VOLUME 2 • NUMBER
11 • NOVEMBER 2016
Seniors and Staying Healthy for the Holidays
For people of all ages, the holiday season is a time of excitement, delight,
and warmth. However, for many aging adults, the holidays can be a particularly
challenging time of year. During the holidays, financial pressures and having
little or no family members living close by can greatly affect seniors and bring
about feelings of stress, sadness, and loneliness. Here are a few tips to help
promote a healthy life balance in mind, body, and spirit during the holidays:
- Reduce anxiety by planning ahead.
Set specific days and times for preparation, shopping, socializing, and
- Enjoy a little alone time. Take some
time each day to step away from the business of the holiday season. Breathe
deeply and clear your mind of all stressors and distractions.
- Monitor your moods. Take notice of
sustained bouts of frustration, anxiety, or sadness. Seek support from family,
friends, or a mental health professional if needed.
- Exercise regularly. Whether it's
walking laps around the mall with friends, maintaining a small herb and
vegetable garden, or going on brisk evening strolls around the neighborhood,
seniors can find creative ways to incorporate more physical activity into each
- Practice self-control. Select a few
times during the holiday season to indulge in special treats. For all other
meals and snacks, strive to maintain a healthy, balanced diet.
- Give to the needy. Donate food,
clothing, or household goods to food drives, homeless shelters, and other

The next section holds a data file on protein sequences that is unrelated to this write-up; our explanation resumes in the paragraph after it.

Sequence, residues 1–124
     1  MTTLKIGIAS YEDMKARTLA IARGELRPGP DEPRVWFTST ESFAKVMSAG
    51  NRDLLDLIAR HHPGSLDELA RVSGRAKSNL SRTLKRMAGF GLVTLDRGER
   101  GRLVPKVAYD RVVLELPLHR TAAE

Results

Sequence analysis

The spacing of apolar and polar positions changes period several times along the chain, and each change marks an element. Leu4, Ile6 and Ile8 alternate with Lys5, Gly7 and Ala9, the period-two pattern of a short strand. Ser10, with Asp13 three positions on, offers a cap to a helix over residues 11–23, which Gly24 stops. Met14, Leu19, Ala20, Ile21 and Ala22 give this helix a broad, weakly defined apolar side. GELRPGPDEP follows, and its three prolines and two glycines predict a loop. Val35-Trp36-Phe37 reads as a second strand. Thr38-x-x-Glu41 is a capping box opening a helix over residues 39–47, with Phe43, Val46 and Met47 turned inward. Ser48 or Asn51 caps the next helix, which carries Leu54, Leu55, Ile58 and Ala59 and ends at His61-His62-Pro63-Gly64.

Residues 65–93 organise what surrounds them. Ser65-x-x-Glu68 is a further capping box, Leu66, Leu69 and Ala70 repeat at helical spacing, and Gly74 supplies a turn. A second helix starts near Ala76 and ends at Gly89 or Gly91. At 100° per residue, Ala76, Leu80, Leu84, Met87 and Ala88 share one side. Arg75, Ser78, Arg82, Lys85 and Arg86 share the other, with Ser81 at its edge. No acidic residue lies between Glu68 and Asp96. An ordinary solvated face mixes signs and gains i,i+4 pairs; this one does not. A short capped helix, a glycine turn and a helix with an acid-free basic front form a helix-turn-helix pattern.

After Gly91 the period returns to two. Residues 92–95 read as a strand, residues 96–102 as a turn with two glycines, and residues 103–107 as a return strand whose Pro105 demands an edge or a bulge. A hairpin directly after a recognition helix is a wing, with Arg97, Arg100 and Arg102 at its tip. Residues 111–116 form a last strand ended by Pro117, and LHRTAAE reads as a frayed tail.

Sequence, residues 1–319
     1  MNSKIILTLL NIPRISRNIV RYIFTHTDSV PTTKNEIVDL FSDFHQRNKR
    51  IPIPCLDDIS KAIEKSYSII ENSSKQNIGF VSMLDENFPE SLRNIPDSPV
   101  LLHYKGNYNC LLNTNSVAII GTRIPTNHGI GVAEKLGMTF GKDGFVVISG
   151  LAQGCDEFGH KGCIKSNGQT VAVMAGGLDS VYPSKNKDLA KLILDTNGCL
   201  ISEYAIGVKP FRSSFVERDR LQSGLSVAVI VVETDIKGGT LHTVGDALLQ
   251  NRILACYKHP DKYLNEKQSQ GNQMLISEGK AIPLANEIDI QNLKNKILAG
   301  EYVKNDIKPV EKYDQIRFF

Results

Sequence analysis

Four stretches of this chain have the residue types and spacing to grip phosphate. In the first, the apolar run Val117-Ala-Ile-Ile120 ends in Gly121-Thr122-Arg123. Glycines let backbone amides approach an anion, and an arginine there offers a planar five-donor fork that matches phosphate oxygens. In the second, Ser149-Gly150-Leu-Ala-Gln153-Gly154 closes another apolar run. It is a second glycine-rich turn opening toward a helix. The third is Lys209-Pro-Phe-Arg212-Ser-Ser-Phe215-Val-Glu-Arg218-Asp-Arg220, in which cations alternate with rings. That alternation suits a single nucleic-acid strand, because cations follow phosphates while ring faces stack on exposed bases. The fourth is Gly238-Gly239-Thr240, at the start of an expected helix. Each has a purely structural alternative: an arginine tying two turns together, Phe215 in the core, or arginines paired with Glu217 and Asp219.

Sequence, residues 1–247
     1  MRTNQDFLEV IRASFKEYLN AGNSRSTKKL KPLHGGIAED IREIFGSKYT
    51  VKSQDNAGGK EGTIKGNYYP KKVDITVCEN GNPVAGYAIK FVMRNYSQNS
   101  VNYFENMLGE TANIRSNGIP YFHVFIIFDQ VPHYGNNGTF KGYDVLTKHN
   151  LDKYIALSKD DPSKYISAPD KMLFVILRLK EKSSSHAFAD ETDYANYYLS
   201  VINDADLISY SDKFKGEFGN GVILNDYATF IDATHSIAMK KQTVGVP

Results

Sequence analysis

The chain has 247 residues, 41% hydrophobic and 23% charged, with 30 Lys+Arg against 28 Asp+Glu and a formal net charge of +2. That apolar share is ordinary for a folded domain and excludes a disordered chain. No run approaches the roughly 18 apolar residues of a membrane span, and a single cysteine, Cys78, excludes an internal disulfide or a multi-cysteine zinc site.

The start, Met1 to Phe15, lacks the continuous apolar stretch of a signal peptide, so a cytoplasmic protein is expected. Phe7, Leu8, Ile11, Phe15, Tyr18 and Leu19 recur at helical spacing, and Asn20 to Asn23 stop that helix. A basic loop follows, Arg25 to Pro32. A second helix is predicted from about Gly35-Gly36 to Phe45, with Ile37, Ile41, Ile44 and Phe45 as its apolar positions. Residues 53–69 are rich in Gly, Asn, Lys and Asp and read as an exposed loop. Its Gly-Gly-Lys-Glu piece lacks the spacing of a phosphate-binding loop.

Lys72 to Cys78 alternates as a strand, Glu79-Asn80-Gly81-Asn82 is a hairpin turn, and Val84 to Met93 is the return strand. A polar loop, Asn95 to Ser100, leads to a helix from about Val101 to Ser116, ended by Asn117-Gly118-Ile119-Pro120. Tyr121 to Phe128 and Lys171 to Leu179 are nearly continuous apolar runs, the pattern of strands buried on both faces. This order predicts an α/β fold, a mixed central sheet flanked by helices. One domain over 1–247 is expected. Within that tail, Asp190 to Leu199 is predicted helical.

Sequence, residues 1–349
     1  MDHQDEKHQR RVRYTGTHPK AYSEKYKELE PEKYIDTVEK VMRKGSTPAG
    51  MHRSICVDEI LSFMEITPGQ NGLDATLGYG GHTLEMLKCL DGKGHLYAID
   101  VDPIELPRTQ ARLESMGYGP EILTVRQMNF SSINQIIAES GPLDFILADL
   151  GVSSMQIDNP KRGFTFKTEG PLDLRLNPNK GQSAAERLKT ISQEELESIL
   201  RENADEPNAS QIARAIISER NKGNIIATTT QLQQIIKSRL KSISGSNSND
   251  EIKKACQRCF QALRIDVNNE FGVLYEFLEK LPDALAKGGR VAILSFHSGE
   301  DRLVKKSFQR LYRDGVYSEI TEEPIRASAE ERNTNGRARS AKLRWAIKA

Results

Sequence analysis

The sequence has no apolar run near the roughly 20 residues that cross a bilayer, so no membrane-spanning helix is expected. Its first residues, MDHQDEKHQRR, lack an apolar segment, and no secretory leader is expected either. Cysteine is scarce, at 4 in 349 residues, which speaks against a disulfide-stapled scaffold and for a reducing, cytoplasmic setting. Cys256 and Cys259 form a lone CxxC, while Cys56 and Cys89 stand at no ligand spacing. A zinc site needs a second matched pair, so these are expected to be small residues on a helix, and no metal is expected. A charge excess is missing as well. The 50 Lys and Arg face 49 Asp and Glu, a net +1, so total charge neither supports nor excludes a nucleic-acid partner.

charities like the Salvation Army or Goodwill.
- Take up volunteer work. Give back to
your community by sharing your time and talents with others by volunteering at
local places of worship, community centers, youth organizations, hospitals, and
- Spend time with loved ones.
Reconnect with family members, friends, peers, and acquaintances from the past
by sending a letter or email, making a phone call, or sending a message over
- Invite a special guest to your
celebration. If you are attending a holiday dinner or party, ask the host if
it's fine to bring a friend or neighbor who has no one to celebrate with.
A Message from Dr. Marco
Dr. Noah Marco, Chief Medical Officer
Seniors in particular, are extremely vulnerable to the feelings of being unneeded. These feelings can be especially prominent throughout the holiday season. During this special time, visits from family and friends can help play a big part making sure seniors are happy and healthy. Loved ones can take advantage of this prime opportunity to provide seniors with the much-needed mental stimulation and companionship they need. Opportunities include asking seniors to help with holiday gift card preparation, wrapping gifts, making homemade gifts, or even taking them to volunteer at food distribution centers or events for the homeless. Visitors can also be an additional source, with health care professionals, to observe for the early warning signs of holiday stress and exacerbation of medical issues. Pay close attention to a senior's environment, physical appearance, and temperament. Look for changes from their typical baseline. Listen for complaints around missing loved ones, hoping not to live much longer, or simply an expression of not feeling worthwhile.
In an article published earlier this month in the New York Times, the Dalai Lama quotes 13th-century Buddhist sages, "If one lights a fire for others, it will also brighten one's own way." During the holiday season where our days are short and our nights are long, please help the seniors you know light their own fires. Nothing shines brighter more than the reflection off a senior's smile.